As supinators absorb less shock through the feet they transmit more force and pressure up to the shin ( Tibia bone ) increasing the possibility of getting shin splints. As supinators run with the majority of their weight on the outer part of their feet, they are more likely to experience anterior shin splints with pain localized on the front outside part of the leg.

Supination can create extra stress on your plantar fascia, the ligament connecting your heel and toes. For this reason, the supinators are more likely to get plantar fasciitis.

Calves and foot’s plantar flexors muscle stiffness can be both a cause or a consequence of supination.

4 Tips to address your running supination

The success of correcting or reducing the running supination depends on how severe or rigid the supination may be. In fact, supinated feet that are “flexible” are easily corrected, whereas supinated feet that are “rigid” are much harder to fix. 

The flexibility or rigidity of your supination could be determined by different factors such as genetics, age, the body’s postural issues, or neuromuscular activations.

For example, the supination study case evidenced above is quite a flexible supination as there is a certain rolling inward of the foot after the landing that distributes the forces in the middle of the foot. So the foot is not too rigid concentrating the landing forces only on the outer foot.

There are some things you can do to address your running supination:


1. Foot pronation muscles strengthening

Very often, during our running assessment, we found weak foot pronation muscles and/or stiff supination muscles.

This muscle imbalance induces excessive foot supination at rest too.

The foot pronation muscles are located on the front external part of the lower leg ( shin ) and they are:

  1. Extensor Digitorum Longus Muscle.
  2. Fibularis Longus Muscle
  3. Fibularis Brevis Muscle.
  4. Fibularis Terzius Muscle.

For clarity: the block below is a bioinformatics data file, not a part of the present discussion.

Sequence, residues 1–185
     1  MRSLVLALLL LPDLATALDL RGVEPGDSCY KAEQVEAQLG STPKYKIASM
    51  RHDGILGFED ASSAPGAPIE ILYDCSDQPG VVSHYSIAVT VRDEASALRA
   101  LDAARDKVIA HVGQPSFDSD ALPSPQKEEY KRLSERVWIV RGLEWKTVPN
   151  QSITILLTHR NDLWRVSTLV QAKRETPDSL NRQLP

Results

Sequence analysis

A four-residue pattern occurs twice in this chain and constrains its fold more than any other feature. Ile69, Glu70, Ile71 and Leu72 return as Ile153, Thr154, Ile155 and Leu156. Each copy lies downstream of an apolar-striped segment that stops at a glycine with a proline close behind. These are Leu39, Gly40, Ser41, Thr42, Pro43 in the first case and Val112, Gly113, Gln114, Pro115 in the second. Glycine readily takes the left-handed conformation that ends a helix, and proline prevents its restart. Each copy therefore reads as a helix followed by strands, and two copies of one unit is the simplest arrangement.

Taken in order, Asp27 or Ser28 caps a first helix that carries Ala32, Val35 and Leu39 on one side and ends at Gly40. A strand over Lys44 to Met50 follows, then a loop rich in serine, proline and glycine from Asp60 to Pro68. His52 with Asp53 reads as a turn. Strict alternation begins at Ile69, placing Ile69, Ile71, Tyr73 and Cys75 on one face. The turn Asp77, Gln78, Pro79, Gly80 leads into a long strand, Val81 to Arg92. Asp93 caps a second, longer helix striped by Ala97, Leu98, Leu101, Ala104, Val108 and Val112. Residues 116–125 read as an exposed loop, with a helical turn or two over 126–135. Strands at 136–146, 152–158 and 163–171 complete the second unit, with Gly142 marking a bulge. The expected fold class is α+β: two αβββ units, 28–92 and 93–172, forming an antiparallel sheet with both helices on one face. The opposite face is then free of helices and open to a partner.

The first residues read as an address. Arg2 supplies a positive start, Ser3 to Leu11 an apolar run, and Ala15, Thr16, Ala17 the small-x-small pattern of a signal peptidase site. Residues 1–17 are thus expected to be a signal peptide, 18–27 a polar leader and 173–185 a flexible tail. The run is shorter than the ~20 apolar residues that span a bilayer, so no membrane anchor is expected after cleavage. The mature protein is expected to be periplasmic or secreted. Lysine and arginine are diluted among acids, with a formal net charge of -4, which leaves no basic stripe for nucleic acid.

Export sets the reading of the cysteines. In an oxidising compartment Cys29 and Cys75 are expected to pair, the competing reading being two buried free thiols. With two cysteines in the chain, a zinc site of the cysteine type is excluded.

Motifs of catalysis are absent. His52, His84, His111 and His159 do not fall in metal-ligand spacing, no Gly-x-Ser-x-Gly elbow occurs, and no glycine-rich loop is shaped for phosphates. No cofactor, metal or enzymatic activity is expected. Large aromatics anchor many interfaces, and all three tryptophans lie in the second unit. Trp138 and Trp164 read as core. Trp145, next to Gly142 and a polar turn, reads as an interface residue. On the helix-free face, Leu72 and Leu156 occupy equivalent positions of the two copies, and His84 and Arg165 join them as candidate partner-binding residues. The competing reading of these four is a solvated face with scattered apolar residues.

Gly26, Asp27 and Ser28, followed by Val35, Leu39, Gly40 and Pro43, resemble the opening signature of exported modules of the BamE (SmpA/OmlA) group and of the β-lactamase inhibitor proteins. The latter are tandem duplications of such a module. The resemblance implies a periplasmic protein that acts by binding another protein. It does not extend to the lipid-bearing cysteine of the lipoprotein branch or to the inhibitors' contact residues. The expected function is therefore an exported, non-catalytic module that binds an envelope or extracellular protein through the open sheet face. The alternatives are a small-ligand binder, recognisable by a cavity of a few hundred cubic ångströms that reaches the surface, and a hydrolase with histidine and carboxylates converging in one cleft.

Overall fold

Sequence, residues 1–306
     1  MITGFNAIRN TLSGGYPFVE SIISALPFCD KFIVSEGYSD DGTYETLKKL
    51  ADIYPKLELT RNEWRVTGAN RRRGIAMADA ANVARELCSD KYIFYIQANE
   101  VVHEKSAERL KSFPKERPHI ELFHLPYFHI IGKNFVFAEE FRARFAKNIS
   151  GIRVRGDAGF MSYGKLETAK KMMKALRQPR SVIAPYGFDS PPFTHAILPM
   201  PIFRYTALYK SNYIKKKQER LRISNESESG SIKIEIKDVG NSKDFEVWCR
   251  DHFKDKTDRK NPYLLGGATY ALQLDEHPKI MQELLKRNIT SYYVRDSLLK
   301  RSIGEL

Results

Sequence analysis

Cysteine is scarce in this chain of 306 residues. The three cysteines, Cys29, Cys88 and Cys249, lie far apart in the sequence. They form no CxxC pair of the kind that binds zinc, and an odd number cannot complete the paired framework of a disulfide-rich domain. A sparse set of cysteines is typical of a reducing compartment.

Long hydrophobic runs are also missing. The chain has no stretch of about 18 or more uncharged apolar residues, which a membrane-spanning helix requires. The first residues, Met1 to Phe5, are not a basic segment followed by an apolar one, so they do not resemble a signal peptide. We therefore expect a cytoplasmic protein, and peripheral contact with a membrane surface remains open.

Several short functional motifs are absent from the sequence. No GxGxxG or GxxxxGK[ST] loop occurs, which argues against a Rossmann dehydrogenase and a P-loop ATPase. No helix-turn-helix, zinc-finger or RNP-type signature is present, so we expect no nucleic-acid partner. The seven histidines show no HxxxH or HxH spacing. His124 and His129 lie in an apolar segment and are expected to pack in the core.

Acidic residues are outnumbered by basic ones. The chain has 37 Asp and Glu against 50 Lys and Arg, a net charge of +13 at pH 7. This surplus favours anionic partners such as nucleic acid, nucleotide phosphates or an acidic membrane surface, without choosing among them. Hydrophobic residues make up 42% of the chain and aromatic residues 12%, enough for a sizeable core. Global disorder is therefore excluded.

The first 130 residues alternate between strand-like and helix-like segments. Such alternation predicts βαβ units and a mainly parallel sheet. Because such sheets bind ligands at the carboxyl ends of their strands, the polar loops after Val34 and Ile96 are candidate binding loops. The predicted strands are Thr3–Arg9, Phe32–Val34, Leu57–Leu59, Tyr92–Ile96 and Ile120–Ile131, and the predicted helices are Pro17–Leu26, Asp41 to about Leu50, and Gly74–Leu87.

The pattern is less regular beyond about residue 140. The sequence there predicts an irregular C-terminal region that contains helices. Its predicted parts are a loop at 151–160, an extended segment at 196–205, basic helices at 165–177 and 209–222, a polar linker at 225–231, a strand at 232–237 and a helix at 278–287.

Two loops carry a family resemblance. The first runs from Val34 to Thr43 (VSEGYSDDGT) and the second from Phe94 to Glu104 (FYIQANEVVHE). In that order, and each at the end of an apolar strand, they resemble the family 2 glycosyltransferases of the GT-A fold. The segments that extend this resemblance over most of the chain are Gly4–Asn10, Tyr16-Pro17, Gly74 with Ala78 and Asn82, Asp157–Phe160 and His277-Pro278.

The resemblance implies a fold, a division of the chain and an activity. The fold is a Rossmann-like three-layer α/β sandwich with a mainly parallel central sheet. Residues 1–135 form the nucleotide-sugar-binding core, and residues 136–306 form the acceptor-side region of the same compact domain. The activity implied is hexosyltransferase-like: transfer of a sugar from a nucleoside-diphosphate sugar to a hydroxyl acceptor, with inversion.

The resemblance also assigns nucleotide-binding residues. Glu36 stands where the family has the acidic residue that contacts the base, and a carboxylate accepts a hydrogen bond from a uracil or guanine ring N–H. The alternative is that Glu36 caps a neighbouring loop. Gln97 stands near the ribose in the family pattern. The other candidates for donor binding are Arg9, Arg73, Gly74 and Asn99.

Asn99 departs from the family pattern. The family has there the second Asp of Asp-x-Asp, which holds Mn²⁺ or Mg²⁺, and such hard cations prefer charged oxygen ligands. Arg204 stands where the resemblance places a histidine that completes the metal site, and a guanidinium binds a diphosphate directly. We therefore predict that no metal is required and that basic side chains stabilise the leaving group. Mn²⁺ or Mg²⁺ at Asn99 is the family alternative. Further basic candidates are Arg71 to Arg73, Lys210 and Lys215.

So strengthening the foot’s pronation muscles can help to correct foot supination.


Foot Pronation Muscles
Foot Pronation Muscles

2. Reduce the foot supination muscles' stiffness

Excessive foot supination muscle can be the cause of foot supination both during running and at rest ( supine position of the body ).

The foot’s supination muscles are located both on the front and back of the lower leg and are:

Supination Muscles on the shin

  1. Tibialis Anterior Muscle.
  2. Extensor Allucis Longus Muscle.

Supination Muscles on the Back Leg

  1. Tibialis Posterior Muscle.
  2. Flexor Digitorum Longus Muscle.
  3. Flexor Hallucis Longus Muscle.

The best way to reduce muscle stiffness by yourself is to do stretching exercises.

On our website, you find a complete visual stretching guide and a specific page dedicated to calf and foot stretching that is specific to engage the foot supination muscles.

Self-massage technique and foam rolling both on the front and back leg can help to reduce muscle stiffness too.

Asking the help to your trusted Sports Therapist to get a Sports Massage can help ease the foot supination muscles more specifically.

3. Improve and correct your foot strike with neuromuscular training

Sometimes, the most important cause of running supination is the neuromuscular activation of the foot supination muscles.

This excessive activation of foot supination muscles can be corrected with neuromuscular training during running. It consists of stimulating the runner to correct its foot supination by activating the foot pronation muscles.

You can train yourself with this neuromuscular training system following the tips of our blog post about how to make a homemade video running analysis system already mentioned above.

Otherwise, we can help you with that as in our running lab in London, we have designed a specific Running Technique Training service that, thanks to a real-time video and 3D feet scan feedback, is able to train the runner to correct all the running technique issues.


4. Replace your running shoes regularly

As supinators stress more the outer part of the feet, their running shoes wear out quickly and unevenly. This diminishes the padding function of the shoes increasing the forces acting on the outer foot and the inclination in supination of the landing foot.

For this reason, runners affected by supination should change their shoes earlier than normal. Check the condition of your shoes after 200-300 km of running.

Our last tip, despite not strictly related to running supination, is to consider seriously the health of your feet, as they are the pillars of our body’s posture, and they could be the cause of many other musculoskeletal issues.